Perhaps it’s just me, but the best instalments, particularly VII, seemed to have a grittiness about them, a darkness and an unpredictability to characters and storyline that this one seems to lack.  It’s all a tad shiny, perhaps.  The characters really look spectacularly beautiful and expressive, hitting that tricky mix between cartooniness and realism that is the sweet spot for computer game characters, but I found on the whole they were too overwrought for there to be much emotional punch.  Strange how the characters in VII, despite being pixelly cartoons with waving blobs for hands and speech bubbles often containing ‘…..’, seemed to emerge so much more clearly and convincingly than do these ones.  They seem a bit, how to say it, one dimensional.  Unless hotness is a character dimension, in which case two.  Fang is sarcastic and hot with a tattoo.  Vanille is naive and hot with an aversion to clothes.  Lightning is tough as nails and hot, and has hair which redefines the entire concept of chopiness.  Perhaps with the hair she’s three dimensional.  Hope is whiney and hot.  Hold on, is he a boy?  Now I’m confused.  But the whole look of the thing is incredible, not just graphics, but the design and the level of visual imagination, on characters, monsters, and settings, really is second to none. 

So overall a weird mish-mash of frustratingly silly and amazing?  Hey, it’s Final Fantasy.  Over time love changes.  The first unreasoning flush fades and it becomes more everyday, more aware of the other’s shortcomings.  So I see it ain’t perfect.  It takes more work than it used to. 

But I still love it.

Posted in games by Joe Abercrombie on April 25th, 2010.

12 comments so far

  • murf99 says:

    Sounds good. I still remember playing the first FF back in the early 90’s on NES. It was good. I really fell in love with the series after I played FFII on SNES. I still remember to this day the adventures of Cecil and his Redwings. The last one I played was the one with Cloud (VII I think) about 12 years ago. I haven’t played any of the subsequent ones. I keep telling myself I’m going to start again someday but it takes time to play RPGs which I find myself having little of lately.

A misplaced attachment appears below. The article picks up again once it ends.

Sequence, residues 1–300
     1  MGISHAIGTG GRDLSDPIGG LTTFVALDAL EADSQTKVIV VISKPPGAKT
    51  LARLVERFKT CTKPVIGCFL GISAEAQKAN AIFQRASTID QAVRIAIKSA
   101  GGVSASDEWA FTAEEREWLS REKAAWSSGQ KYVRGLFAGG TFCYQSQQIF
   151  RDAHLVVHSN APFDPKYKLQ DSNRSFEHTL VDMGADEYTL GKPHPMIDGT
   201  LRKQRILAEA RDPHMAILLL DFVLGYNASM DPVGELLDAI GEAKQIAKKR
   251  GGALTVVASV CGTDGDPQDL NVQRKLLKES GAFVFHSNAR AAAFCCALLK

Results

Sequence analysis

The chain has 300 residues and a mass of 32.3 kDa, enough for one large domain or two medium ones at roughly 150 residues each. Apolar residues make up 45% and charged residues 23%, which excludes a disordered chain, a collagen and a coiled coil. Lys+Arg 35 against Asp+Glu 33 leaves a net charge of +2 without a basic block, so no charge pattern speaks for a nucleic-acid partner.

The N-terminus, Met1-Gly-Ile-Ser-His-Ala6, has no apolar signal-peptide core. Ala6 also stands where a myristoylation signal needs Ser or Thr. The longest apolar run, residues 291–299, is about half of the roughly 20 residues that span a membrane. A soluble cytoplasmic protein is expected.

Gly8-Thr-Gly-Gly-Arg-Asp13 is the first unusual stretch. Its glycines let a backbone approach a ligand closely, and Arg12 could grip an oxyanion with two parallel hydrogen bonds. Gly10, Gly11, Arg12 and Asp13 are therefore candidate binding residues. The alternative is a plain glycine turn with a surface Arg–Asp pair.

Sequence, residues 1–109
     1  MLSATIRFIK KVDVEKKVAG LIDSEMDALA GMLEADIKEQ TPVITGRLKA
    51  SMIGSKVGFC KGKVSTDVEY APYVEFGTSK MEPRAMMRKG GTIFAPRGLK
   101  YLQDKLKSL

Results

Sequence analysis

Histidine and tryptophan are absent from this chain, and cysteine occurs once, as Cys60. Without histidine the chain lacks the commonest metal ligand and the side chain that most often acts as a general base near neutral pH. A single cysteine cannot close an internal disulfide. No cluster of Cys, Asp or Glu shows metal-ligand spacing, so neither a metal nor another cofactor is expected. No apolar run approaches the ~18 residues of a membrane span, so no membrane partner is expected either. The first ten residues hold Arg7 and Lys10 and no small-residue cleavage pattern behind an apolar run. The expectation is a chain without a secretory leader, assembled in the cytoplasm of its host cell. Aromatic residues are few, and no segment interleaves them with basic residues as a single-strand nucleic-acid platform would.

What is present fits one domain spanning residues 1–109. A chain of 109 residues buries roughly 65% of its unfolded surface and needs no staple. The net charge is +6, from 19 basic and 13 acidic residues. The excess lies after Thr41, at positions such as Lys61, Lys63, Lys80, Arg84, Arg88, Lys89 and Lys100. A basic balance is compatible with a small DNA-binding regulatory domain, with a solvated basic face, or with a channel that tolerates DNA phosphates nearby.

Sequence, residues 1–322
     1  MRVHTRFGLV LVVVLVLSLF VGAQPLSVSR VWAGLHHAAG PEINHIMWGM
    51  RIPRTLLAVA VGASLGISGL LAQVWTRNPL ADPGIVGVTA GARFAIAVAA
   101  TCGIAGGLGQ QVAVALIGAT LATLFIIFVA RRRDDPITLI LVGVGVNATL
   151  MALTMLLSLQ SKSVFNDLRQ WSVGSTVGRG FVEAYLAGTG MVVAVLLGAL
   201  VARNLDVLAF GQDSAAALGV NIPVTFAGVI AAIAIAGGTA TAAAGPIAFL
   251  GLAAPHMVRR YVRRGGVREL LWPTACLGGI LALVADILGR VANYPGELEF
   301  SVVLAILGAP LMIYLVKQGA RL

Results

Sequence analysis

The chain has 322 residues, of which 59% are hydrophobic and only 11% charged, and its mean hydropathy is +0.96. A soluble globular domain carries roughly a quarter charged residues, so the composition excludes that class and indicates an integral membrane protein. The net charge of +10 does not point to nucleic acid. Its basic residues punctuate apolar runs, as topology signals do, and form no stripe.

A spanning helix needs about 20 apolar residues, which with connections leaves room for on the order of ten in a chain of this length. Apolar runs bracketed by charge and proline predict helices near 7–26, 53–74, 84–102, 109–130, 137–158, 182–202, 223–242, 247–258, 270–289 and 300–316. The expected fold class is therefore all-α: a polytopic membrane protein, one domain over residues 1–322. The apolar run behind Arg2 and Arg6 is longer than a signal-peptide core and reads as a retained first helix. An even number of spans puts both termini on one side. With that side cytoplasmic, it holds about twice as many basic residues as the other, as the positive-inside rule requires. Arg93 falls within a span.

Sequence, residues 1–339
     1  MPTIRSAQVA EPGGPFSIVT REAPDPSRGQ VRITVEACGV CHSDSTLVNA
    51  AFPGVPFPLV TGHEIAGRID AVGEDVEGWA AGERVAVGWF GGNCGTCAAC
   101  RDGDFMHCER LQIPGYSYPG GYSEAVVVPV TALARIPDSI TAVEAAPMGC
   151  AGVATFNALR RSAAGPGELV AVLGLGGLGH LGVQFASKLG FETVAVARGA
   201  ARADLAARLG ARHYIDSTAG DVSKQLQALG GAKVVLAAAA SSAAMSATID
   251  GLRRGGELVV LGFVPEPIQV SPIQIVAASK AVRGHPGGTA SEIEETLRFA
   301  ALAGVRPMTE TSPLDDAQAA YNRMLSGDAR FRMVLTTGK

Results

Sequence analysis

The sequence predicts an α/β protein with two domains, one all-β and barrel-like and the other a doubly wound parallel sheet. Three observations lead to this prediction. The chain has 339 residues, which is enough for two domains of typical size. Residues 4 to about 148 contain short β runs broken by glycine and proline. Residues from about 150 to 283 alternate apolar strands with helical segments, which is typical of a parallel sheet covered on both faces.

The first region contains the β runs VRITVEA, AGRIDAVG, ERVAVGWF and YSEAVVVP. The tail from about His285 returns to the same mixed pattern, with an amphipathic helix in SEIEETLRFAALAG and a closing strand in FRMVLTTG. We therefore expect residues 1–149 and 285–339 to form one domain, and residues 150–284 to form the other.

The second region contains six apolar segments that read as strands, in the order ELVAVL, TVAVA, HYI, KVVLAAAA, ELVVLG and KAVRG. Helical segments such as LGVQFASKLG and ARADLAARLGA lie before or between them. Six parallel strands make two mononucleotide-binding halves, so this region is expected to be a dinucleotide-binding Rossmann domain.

• Pink Ink says:

    It’s like loss of reality for about 20 hours only to discover the tragic and sad ending of something that has bound you for too long while you only intended to discover the tragic and sad ending. (kinda strange lookin back)I think heavy rain is going to be the western version. (can’t say anything bad about that game)

  • Rob says:

    I’m from the West (US), and I’m lucky enough to have begun Final Fantasy with the very first game on NES when I was about 7 years old. I have an aversion to the high-tech, sci-fi type elements in the newer games, so I haven’t played FFVIII, FFX, or FFXIII at all.

    I’ve played about 18 hours into FFXII, but I find the storyline has failed to suck me in, and I really have no emotional attachment to the characters. The story just seems too generic and not personal enough for me. Help a princess in distress restore her kingdom by defeating the evil empire. It is a clear rip-off of Star Wars. Basch is obviously Han Solo, he even has his own Millenium Falcon. Ashe is Leia, and Vaan is Skywalker. I guess Fran is Chewbacca with boobs. I doubt I’ll finish it out.

    I have to say Final Fantasy Tactics is my favorite of the series, if you haven’t tried it, you need to as soon as possible. The storyline in it was just a revelation to me. I was about 14 when it came out, and it came out not long after FFVII did. I actually bought a Playstation for the sole reason of playing FFVII, and it was worth it.